Determinants of Sexual Function in Elderly Women

Internal Medicine World ReportFebruary 2007
Volume 0
Issue 0

Age, Poor Health More Important than Urinary Incontinence

J Am Geriatr Soc

A large survey of elderly women shows that age and overall physical and mental health have more of an impact on whether a woman is sexually active than continence status (. 2006; 54: 1220-1224).

Although urinary incontinence affects 17% to 55% of elderly women, little has been known about its effects on sexual function. This study surveyed 2361 community-dwelling Canadian women (mean age, 71). In the entire population, 39% reported urinary incontinence, and 27% said they were sexually active.


Marital status and age were the strongest predictors of being sexually active, followed by physical and mental health. Having a good body image positively correlated with sexual activity, but only when age was factored in; overall older women were more likely to have a good body image than younger women ( = .003).

Frequency of urinary incontinence did not affect sexual activity. And those with stress incontinence were more likely to be sexually active compared with women who had other types of incontinence (Table).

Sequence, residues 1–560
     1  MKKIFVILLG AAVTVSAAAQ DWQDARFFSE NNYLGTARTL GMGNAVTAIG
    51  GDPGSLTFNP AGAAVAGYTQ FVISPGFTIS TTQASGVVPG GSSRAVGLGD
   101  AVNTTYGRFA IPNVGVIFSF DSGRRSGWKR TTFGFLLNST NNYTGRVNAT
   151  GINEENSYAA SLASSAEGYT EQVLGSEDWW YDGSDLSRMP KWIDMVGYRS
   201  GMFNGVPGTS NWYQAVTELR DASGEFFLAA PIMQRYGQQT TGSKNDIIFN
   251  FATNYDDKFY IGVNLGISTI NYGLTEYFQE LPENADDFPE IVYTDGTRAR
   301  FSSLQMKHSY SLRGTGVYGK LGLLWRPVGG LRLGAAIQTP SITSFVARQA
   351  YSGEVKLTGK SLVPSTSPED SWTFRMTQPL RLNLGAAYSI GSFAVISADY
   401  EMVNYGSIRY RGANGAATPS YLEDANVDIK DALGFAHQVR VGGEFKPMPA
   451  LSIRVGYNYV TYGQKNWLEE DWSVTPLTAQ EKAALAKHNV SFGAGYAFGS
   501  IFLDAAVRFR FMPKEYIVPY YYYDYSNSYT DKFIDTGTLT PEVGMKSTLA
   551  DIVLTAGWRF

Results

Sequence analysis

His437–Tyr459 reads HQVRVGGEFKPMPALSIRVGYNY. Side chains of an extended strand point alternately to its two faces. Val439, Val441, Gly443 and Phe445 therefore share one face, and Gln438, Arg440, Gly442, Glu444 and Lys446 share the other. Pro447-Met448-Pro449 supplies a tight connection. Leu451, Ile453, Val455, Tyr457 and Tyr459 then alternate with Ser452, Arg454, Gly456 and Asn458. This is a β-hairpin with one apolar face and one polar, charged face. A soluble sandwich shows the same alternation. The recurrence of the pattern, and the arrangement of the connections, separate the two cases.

However, increased amounts of urine loss and nocturnal incontinence were independently associated with lack of sexual activity.

This study was limited by 2 factors: single (divorced or widowed) women with regular partners were not included in the survey, which could also not determine whether the participants’ partners might have had physical or emotional problems that would have limited sexual activity.

The results do, however, suggest that “women remain sexually active regardless of continence status, and that poor health is an important explanatory variable that may have confounded results from previous ºstudies failing to show that improvements in urinary continence lead to enhanced sexual function,” the authors write.


These findings also imply that even if urinary incontinence treatments improve, it would not necessarily translate into more sexual activity in this population, Tomas L. Griebling, MD, writes in an accompanying editorial pages 1290-1291).

Dr Griebling reminds physicians to ask their elderly patients specific questions about their sexual functioning, “because many older adults will not volunteer this information or raise questions themselves.”

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